It’s a famous romantic novel written in 1900 about the Roman genocide of the Druids in Britain 2,000 years ago. Harry reads it for the battle scenes and massacres and the Druids’ human sacrifices, but mostly it turns out to be a sickly romance about two lovers, the Druid prince Fox and Juno the Roman general’s daughter, who fall in love and, when threatened by their parents, run away together to start the royal family of Britain. Caylee loves the romantic story however and is determined to make Druids End into a film – they’ll use the grant money so they’ll have to call it Lingering Encounter, but it will really be Druids End. The grants people are accountants – they’ll never notice.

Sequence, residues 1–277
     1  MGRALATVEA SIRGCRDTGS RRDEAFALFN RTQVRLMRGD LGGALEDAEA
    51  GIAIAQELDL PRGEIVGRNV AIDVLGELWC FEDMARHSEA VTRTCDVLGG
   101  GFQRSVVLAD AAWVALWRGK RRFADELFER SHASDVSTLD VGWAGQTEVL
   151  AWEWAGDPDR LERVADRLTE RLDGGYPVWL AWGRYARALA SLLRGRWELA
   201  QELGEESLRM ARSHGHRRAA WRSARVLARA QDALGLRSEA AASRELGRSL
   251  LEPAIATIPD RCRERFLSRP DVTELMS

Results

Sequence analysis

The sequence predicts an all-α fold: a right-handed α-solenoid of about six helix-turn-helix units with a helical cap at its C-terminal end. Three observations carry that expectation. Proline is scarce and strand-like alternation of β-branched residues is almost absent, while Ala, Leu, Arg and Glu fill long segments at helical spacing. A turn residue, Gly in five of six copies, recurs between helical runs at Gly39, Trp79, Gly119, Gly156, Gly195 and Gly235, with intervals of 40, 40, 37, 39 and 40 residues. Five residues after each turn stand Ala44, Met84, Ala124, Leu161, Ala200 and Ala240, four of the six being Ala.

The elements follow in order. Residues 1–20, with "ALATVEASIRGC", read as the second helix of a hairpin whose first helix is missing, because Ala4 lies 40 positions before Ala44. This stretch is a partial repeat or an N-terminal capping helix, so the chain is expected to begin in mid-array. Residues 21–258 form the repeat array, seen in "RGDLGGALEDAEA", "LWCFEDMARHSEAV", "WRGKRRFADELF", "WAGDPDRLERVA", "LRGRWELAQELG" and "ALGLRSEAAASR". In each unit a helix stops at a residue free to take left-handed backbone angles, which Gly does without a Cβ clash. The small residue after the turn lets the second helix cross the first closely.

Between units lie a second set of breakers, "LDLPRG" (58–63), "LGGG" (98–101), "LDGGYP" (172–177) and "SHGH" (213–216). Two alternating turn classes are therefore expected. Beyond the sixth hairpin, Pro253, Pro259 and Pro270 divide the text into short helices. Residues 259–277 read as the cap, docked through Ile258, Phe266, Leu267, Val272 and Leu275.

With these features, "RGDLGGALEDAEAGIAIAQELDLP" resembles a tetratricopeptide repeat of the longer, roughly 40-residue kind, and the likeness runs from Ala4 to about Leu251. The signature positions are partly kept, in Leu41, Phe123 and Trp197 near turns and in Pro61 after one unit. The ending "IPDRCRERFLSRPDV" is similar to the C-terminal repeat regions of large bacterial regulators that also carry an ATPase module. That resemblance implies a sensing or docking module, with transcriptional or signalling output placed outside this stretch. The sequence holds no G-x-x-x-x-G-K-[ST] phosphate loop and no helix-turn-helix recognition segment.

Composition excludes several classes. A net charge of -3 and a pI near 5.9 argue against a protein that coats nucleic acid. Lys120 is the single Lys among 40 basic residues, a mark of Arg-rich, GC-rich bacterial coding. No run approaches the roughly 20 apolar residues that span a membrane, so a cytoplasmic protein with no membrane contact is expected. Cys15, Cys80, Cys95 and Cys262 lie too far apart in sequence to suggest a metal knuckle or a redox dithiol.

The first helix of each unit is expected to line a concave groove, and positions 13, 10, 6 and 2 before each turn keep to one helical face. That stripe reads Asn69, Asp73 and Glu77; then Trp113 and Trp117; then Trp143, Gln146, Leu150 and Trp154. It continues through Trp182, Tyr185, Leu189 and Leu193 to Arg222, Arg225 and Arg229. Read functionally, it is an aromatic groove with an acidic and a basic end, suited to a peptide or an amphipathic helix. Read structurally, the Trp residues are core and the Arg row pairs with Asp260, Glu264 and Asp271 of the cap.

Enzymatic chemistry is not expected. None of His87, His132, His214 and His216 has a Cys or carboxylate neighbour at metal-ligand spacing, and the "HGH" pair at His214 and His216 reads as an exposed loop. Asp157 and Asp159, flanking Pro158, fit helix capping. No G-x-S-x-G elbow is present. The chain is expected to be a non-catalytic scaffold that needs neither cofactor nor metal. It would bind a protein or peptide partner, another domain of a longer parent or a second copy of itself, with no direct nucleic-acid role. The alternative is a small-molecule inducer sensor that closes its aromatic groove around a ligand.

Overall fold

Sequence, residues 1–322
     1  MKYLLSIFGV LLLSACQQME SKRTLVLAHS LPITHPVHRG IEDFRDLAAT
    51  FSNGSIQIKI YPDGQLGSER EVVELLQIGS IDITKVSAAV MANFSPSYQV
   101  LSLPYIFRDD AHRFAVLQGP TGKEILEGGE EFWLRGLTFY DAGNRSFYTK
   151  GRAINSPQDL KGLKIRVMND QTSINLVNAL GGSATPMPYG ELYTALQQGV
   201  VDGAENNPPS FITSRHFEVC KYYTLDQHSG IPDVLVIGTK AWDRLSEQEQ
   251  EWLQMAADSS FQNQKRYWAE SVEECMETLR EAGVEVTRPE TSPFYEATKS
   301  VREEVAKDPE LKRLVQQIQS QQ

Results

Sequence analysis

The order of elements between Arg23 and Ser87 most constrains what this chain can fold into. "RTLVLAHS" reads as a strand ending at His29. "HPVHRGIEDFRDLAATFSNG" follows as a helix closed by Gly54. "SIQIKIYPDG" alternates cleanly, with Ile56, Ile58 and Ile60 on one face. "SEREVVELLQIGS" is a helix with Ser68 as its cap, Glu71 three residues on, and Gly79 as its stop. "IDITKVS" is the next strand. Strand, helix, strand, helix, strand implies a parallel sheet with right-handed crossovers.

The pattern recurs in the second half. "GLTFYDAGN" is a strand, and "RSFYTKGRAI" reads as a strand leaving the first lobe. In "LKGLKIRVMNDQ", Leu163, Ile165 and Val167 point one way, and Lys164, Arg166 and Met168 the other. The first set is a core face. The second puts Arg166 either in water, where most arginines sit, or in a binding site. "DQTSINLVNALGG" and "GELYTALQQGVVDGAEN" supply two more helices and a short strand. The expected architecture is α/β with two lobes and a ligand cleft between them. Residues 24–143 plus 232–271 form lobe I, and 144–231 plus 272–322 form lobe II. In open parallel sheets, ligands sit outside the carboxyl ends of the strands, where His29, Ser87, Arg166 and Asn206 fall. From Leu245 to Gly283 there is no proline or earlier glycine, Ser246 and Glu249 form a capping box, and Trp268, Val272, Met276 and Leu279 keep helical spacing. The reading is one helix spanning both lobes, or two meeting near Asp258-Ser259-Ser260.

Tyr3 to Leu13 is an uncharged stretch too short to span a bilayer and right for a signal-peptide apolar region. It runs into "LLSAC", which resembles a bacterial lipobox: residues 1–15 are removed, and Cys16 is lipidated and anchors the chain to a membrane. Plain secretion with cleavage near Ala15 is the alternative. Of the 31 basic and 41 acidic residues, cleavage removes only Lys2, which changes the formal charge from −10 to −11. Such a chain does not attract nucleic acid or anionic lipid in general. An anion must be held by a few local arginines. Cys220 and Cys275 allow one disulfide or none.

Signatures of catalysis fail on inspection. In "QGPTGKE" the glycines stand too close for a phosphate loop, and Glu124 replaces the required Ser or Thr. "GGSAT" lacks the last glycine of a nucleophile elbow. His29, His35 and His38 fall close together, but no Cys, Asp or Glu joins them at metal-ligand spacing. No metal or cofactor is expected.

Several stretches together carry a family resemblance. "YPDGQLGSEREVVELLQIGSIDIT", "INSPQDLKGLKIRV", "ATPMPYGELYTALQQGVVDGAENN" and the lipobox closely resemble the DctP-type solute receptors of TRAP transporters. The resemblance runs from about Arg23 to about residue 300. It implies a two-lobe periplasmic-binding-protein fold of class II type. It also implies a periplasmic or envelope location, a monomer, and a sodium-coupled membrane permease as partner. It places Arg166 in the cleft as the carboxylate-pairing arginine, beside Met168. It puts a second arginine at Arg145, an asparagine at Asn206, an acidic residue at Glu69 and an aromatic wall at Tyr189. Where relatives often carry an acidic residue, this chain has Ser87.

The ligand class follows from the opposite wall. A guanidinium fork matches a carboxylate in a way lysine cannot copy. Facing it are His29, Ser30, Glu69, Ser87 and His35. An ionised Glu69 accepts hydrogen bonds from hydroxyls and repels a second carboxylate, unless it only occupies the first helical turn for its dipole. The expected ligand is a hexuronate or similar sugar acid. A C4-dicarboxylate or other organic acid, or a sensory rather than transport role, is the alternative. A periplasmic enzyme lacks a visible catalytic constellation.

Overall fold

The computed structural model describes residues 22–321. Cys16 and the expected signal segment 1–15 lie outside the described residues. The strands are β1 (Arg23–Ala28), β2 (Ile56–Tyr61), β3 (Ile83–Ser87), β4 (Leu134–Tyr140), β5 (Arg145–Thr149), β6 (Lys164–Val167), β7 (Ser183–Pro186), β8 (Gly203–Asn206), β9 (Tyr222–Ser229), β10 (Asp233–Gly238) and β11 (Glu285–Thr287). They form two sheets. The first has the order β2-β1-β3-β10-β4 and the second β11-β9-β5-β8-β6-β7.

Harry is won round when he realises Druids End has been a film not only in the 1970s but also the 1950s and 1919 – and each time the box-office has been huge.

It’s a shoestring budget so Caylee consults her Dictionary of Out-of-Work Actors, starting at the top with Sir Reginald Devine, the alcoholic legend of stage and screen, who when he hears of Druids End immediately accepts the part of Alban, not even caring about the difference between net and gross – it’s the film that started his career back in the 1970s. Caylee then books handsome bad boy Justin Atkinson, who believes he is a Robert Pattinson lookalike and has always wanted to be a vampire in a vampire movie, so Caylee promises him he’ll be a Druid in a Druid movie – ‘Druids are the new vampire.’ Her next call is the faded teen star Kitty Avro and such disturbed stars as Tarquin, famous as Robin Hood in Robin Hood Commiting Suicide.